From time to time, it is helpful to remind ourselves of the names of some of the great names of scholar –activists who have passed among us and then departed. I had the honour of attending the 10th Anniversary of the Walter Rodney Foundation in Atlanta, Georgia on the 22’nd and 23’rd of March this year.
Walter Rodney, born in 1942 in Guyana of a working class family in the capital city of Georgetown, was a brilliant student who graduated from the University of the West Indies with Honours in History and got a scholarship to the School of Oriental and African Studies at the University of London. By the age of 24 he had a PhD in History having done what is said to be a definitive history of the Atlantic Slave Trade, published by Oxford University Press as A History of the Upper Guinea Coast 1545-1800.
He taught in Dar es Salaam at the University of Dar es Salaam on and off from 1966 to 1974 when he returned to his home in Guyana. Walter spent several years in Jamaica where in spite of his newly minted PhD in history, he found the knowledge and wisdom of the Rastafarian movement to be transformative. Walter was a towering figure in world intellectual history linked to the Pan Africanist movement of CLR James and Kwame Nkrumah. Tragically he was murdered in June of 1980 by the Guyanese political establishment fearing the growth of his charismatic political presence.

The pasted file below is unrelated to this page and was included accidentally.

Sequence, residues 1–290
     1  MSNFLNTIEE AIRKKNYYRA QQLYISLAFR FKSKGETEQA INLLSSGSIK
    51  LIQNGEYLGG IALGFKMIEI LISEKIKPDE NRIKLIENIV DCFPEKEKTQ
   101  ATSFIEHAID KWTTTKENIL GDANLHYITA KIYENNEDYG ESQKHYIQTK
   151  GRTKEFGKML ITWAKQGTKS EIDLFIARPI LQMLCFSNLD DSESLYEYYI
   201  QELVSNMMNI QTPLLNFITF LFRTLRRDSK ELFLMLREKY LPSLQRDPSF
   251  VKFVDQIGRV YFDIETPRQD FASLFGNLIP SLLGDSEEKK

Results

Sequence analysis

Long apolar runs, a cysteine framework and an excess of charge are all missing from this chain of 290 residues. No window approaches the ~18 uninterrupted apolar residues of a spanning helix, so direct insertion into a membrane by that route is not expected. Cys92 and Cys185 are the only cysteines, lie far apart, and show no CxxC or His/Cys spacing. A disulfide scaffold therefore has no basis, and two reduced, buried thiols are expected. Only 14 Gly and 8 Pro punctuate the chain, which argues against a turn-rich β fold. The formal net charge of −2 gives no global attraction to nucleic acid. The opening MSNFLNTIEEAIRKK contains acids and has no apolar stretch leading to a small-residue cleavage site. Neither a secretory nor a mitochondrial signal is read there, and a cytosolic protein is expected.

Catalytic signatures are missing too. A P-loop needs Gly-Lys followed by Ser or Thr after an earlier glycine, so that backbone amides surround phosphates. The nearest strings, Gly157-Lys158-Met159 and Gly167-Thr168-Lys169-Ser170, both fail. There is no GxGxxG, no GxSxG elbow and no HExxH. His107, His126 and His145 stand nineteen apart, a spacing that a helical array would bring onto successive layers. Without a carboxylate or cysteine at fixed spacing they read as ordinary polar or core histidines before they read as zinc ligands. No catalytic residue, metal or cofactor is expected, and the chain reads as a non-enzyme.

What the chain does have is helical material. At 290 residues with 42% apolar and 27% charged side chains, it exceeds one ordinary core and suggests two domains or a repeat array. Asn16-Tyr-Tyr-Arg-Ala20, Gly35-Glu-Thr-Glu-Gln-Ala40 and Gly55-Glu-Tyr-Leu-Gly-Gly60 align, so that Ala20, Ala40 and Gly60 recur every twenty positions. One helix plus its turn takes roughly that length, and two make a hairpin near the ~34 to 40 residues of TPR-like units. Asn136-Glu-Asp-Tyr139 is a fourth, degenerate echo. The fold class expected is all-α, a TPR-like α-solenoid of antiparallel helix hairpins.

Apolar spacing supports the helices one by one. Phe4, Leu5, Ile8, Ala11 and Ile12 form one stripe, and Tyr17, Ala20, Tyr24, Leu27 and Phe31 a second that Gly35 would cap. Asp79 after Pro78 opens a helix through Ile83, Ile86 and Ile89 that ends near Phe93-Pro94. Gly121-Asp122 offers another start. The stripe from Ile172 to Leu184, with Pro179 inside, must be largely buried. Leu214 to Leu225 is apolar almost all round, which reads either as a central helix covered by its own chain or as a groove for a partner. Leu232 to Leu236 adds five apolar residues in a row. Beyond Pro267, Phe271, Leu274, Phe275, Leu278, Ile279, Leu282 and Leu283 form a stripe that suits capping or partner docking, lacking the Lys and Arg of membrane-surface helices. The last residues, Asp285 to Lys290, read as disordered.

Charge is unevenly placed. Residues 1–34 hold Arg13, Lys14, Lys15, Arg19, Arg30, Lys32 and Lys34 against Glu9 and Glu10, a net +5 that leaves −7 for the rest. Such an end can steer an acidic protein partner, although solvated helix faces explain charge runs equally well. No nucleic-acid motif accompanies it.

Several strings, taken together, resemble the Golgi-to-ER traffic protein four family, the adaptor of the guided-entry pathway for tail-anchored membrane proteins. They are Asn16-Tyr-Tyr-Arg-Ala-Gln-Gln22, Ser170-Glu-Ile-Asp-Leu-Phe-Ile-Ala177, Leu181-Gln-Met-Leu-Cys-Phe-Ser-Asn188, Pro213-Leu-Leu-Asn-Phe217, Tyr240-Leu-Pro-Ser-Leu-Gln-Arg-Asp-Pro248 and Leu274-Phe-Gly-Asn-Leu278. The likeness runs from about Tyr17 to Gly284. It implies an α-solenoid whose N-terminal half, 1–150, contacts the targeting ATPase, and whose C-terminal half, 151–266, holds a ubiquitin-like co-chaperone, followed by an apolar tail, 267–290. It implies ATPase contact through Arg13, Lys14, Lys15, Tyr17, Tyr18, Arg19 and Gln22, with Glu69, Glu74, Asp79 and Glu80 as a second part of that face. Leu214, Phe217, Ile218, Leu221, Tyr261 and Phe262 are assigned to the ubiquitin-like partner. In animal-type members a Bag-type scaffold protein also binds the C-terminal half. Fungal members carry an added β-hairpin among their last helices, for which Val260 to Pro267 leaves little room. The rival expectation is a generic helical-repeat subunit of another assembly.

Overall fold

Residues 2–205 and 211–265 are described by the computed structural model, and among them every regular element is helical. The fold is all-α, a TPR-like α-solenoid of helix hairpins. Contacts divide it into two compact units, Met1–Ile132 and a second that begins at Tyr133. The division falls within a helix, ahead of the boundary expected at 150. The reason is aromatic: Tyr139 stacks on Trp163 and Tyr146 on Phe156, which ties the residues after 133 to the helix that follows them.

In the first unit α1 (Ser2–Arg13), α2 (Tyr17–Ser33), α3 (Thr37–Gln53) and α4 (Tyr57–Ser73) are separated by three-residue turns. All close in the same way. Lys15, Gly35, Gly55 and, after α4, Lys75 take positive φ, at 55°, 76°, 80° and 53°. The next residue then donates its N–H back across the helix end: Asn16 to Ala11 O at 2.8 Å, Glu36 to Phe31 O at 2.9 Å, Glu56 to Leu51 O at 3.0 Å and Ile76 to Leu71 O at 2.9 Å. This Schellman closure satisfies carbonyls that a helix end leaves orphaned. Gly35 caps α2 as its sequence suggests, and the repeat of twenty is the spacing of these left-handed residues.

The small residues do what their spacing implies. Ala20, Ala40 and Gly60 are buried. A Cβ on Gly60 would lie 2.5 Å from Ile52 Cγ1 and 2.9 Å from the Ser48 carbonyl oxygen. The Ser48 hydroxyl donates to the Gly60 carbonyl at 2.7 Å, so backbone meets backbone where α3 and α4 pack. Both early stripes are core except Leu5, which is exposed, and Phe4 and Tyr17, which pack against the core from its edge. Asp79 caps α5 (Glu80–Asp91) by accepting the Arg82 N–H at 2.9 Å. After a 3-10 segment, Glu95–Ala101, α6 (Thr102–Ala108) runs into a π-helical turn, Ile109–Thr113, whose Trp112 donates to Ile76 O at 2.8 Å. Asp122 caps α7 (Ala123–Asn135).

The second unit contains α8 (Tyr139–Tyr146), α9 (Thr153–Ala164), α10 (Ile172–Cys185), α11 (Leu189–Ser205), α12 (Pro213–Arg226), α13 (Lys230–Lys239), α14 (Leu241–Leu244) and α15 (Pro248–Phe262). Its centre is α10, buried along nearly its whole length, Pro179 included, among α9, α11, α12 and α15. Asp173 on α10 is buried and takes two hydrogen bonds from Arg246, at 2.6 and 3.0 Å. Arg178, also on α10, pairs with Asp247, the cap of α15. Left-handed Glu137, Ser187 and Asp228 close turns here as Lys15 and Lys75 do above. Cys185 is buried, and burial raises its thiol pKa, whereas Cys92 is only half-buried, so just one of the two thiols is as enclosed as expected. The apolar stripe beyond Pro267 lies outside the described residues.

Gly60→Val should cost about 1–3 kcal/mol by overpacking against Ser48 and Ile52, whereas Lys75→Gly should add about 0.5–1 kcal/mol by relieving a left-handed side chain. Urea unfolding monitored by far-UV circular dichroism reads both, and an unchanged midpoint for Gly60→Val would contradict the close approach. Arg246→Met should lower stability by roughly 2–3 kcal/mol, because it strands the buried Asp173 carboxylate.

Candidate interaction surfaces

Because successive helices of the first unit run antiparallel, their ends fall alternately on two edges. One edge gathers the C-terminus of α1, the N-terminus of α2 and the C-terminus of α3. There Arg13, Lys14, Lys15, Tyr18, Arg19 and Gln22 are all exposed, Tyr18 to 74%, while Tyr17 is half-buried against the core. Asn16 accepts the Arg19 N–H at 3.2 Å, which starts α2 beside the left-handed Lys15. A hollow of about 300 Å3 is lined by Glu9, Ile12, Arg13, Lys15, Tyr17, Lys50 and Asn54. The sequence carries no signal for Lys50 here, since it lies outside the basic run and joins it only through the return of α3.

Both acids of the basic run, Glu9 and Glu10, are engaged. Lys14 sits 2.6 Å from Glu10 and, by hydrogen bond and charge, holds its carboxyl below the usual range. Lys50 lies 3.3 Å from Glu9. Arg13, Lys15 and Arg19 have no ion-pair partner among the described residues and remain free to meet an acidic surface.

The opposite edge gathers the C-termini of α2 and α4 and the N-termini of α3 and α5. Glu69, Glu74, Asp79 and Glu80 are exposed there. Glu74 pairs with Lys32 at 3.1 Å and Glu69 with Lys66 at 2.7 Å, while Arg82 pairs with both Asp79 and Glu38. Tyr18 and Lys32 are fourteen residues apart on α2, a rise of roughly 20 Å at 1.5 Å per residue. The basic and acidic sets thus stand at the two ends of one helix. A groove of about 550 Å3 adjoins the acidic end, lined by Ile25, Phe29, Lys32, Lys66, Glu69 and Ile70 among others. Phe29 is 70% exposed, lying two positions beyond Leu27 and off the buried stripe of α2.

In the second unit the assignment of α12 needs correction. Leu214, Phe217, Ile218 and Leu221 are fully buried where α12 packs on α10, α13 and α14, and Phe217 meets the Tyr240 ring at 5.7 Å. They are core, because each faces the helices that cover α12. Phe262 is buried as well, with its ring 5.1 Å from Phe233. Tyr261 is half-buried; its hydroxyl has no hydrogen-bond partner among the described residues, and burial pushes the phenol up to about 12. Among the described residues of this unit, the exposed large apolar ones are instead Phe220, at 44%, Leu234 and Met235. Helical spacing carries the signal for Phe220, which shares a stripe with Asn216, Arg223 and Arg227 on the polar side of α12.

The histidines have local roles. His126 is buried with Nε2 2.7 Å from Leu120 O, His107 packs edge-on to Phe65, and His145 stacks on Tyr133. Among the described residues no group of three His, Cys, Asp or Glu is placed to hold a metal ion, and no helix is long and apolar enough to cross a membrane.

Walter was a remarkable and skilled technical historian, as good as any turned out by the British. But from the perspectives of our work in community-based research and social responsibility in higher education, there are several things that we can take from his ways of working. First of all he listened to the working people of Guyana, Jamaica or Tanzania with whom he interacted daily. Second, he took his ideas and thoughts and shared them in public settings so that his scholarship could not be contained in the closed files of normal academic life. Finally, he felt that he has a responsibility to a life of solidarity with the struggles of those least well off. His work is carried on today through the Walter Rodney Foundation under the leadership of his widow Patricia Rodney and his children Shaka, Asha and Kanini.